How angry 50s women deprived of a pension can boot their MP out of a job

 

amber rudd

Home secretary Amber Rudd- most high profile Tory who could be unseated by angry people who have lost their pension for up to six years Pic credit: BBC

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Many angry  50s women  frustrated they can’t get a pension for up to six years – have the power at the ballot box to knock out the MPs who voted for the change. Since the next general election will be closely fought and many seats have narrow majorities they are literally – no pun intended -in poll position to effect change.

There isn’t a constituency in the United Kingdom that has less than 3000 of  these pensioners according to a breakdown helpfully provided by the House of Commons library.

And it is the current Theresa May government and her DUP allies  who are vigorously pursuing  higher and higher  retirement ages for future generations of pensioners that are the MPs most at risk. The Conservatives got a high proportion of votes from the over 60s at the last general election so  need these votes to win the next election.

The biggest voter power of this group  is in the Isle of Wight – where there are over 10,000 people affected by the raising of the pension age.The Tory MP, Bob Seely appears to have an impregnable 20,998 majority – but that would be halved if this group of people voted didn’t vote for him.. The main challenger there is Labour who came second and if people switched their vote to Labour it would become a highly marginal seat.

Much more vulnerable is home secretary  and ironically women and equalities minister Amber Rudd, whose Hastings and Rye seat, has 7400 people affected. She has a majority of 366 and Labour is the main challenger. There are 20 times more people hit by the change than her majority.

Another ultra marginal is Calder Valley where the Conservative MP Craig Whittaker,a Treasury whip, has a majority of 609 over Labour. There are 7000 people affected by the change in his constituency.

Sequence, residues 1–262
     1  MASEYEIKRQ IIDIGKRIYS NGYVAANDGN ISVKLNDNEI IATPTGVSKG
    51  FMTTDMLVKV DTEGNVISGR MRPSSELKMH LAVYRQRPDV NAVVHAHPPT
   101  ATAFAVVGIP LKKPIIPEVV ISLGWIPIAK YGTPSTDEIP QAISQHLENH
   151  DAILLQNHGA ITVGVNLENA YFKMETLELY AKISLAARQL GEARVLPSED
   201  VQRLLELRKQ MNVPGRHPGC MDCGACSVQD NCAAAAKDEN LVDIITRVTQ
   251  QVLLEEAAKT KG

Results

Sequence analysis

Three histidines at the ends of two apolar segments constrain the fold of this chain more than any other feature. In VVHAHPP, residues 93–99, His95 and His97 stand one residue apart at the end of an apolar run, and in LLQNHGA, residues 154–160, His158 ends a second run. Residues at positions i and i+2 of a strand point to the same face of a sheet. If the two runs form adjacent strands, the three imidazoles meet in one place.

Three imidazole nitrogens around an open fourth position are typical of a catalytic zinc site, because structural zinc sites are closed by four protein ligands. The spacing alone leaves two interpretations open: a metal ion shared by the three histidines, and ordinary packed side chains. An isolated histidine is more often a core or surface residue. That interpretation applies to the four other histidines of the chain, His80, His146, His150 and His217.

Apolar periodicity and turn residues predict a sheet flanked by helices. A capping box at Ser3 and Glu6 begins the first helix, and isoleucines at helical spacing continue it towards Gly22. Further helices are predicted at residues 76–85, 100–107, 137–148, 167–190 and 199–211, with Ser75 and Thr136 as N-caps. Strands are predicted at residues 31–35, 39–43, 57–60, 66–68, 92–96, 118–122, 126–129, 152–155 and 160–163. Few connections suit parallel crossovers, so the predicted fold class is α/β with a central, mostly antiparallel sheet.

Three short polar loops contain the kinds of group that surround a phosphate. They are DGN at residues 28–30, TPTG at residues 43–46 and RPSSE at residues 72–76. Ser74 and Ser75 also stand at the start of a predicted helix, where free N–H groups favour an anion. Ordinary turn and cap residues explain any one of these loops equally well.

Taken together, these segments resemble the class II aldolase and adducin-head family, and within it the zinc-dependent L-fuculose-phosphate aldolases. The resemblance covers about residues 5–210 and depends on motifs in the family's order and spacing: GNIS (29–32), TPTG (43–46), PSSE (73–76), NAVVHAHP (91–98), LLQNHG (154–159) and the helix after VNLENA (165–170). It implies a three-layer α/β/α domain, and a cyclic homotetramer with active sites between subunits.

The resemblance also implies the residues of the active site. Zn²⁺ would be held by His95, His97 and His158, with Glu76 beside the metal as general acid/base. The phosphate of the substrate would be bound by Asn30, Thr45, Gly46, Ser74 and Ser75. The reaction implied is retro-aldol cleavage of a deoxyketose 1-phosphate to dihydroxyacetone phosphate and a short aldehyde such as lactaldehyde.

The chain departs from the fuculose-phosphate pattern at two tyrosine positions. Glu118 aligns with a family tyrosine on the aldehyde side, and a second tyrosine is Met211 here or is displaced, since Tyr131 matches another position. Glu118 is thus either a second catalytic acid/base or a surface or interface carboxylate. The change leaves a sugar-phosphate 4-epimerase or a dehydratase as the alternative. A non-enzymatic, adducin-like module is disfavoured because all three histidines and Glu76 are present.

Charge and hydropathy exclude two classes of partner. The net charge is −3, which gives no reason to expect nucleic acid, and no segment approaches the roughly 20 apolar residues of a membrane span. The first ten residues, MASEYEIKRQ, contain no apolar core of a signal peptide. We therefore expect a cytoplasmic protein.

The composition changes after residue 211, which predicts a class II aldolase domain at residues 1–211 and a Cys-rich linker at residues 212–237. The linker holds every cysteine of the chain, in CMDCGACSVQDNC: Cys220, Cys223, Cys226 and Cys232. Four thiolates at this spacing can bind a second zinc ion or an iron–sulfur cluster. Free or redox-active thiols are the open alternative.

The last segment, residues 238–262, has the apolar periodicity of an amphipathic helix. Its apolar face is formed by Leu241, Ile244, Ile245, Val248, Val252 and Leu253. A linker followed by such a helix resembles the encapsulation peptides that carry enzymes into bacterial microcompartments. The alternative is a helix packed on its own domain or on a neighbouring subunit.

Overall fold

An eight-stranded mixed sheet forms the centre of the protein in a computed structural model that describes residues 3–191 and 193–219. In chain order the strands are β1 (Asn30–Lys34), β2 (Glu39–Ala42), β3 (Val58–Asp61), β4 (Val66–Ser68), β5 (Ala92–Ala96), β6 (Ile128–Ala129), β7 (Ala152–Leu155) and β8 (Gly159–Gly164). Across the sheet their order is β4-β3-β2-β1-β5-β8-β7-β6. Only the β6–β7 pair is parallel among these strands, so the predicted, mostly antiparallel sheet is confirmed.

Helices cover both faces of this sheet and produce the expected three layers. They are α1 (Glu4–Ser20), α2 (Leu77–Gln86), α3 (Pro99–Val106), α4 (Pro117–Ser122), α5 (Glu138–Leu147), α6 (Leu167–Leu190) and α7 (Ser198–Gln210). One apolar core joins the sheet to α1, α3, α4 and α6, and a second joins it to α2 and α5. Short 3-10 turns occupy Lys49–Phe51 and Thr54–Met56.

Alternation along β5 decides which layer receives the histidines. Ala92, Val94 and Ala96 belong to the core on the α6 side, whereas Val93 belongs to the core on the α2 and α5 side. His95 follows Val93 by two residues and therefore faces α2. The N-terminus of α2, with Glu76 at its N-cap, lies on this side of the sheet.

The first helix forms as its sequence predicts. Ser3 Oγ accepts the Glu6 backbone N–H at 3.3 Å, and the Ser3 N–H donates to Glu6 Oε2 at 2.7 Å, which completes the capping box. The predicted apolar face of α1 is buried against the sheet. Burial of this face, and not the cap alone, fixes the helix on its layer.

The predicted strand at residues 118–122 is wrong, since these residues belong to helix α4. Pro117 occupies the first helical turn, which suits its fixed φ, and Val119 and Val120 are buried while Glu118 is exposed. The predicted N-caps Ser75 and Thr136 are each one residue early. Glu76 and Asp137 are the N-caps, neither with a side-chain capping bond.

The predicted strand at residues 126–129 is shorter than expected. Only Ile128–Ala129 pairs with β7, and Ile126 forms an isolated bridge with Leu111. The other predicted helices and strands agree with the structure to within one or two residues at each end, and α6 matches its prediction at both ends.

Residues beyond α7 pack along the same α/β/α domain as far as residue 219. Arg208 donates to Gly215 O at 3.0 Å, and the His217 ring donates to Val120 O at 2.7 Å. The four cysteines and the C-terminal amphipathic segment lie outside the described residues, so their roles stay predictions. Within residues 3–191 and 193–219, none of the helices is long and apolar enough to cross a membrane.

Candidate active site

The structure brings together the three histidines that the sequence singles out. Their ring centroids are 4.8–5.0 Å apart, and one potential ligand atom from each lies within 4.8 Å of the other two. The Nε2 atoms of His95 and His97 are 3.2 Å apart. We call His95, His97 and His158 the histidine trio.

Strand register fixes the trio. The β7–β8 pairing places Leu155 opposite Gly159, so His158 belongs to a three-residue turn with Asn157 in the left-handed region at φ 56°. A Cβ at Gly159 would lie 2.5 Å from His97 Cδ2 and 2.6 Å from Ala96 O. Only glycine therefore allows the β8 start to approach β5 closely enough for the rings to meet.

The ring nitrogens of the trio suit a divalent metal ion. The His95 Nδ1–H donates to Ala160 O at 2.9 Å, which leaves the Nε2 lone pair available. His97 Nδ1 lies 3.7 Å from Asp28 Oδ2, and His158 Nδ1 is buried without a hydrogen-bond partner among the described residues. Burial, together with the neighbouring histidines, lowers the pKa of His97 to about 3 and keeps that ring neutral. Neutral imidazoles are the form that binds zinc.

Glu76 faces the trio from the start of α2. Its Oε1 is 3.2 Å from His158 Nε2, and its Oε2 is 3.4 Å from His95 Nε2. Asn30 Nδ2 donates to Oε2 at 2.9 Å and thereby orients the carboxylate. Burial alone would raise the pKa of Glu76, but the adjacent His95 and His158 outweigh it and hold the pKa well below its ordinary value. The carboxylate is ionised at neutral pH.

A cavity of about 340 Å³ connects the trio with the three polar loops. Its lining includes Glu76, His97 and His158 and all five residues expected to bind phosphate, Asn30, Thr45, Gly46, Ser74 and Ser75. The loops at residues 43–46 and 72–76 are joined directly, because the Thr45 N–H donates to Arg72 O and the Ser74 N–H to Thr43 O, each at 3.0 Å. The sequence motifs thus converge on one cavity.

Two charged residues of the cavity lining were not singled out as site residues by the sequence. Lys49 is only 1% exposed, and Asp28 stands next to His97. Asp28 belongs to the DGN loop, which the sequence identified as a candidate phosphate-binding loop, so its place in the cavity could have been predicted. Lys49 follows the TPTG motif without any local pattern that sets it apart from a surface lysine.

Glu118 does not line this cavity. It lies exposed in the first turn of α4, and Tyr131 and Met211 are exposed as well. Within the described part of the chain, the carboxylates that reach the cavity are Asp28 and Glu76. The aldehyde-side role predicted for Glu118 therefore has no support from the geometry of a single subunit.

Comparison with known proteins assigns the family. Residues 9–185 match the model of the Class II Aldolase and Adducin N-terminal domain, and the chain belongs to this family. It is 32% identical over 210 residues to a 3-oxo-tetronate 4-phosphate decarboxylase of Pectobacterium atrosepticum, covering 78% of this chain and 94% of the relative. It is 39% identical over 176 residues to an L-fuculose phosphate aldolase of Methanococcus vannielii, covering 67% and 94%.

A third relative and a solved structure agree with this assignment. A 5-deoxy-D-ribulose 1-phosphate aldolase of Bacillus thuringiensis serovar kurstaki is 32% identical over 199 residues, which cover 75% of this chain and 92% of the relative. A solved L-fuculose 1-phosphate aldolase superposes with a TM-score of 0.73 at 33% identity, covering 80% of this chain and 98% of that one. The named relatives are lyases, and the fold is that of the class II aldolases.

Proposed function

Similarly Corby where Tom Pursglove has a Conservative majority of 2,690 – it is more than outnumbered by 7,300 people affected. Both Milton Keynes seats (North and South) have small 2000+ Tory majorities but over 14,000 people affected between them.  And Scarborough where Conservative MP Robert Goodwill has a 3435 majority is dwarfed by 7,100 people affected.

The entire London borough of  Barnet  is another  hotspot.  Chipping Barnet, where Theresa Villiers, Conservative MP and ex minister, has a 353 majority has 6,200 people affected. Labour is again the main challenger. Next door Hendon which also has 6.200 people affected. Tory MP Matthew Offord has a majority of 1072 over Labour .In Finchley and Golders Green Tory Mike Freer has a majority of 1657 over Labour and there are 6000 people affected.

There are also a string of  safe Tory seats with between  7,000 and 7,800 pensioners who have lost out where the Tory majority can be severely dented or turned into marginals by switching to the highest challenger. Among these are  Beverley and Holderness ( Graham Stuart majority 14,042); Bridgewater and West Somerset ( Ian Liddell-Grainger majority 15,448); Croydon South ( Chris Philp majority 11,406); South Dorset ( Richard Drax majority 11,695), Wells (James Heappey, majority 7585 over liberal democrat) and Berwickshire, Roxburgh and Selkirk ( John Lamont, majority 11,060).

Among Labour seats with over 7,000 pensioners affected  include marginal Colne Valley (Thelma Walker majority 915) and  safe seats Croydon North and Brent North. The most marginal with over 7000  affected people is Rutherglen and Hamilton West held by Gerrard Killen with a majority of 265 over SNP.

DUP seats with the largest numbers of people affected ( 6500 and 6400 respectively)  are Upper Bann held by David Simpson with a 7,992 majority and Antrim North held by Ian Paisley Jnr with a 11,546 majority.

None of the Welsh Parliamentary seats had more than 7000 pensioners.

In addition there are those with lower numbers of people affected but who could influence the result. One is East Worthing and Shoreham which has 6,100 people affected. The MP is chair of the All-Party Parliamentary Group on State Pension Inequality for Women pensioners group, Tim Loughton. He has a 5106 majority over Labour.

These  results suggest that Waspi  and BackTo60 supporters supporters have more influence than they realise. It is a question of energising it.

Check your own constituency in the table here.  It is an Excel document. Go the page and scroll until the bottom and click on constituency estimates.